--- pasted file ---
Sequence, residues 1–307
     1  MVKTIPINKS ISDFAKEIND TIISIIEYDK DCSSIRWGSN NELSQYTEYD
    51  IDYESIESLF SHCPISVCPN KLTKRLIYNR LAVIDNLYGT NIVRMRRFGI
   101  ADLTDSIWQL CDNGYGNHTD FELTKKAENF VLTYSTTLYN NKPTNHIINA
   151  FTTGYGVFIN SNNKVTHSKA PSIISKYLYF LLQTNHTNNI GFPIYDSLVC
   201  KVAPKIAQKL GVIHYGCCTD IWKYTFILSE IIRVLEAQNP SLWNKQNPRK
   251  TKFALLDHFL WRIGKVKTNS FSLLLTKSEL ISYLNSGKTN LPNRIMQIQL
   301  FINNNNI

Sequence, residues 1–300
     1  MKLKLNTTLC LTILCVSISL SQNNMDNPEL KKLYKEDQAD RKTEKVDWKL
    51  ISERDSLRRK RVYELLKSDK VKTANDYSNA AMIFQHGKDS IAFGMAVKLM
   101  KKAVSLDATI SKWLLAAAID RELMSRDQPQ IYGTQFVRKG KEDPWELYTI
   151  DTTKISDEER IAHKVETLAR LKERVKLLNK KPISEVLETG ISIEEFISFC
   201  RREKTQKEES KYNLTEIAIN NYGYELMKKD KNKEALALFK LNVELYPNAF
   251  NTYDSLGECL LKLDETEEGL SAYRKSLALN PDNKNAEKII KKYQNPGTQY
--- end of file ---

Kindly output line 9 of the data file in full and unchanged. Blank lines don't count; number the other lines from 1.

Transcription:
Sequence, residues 1–300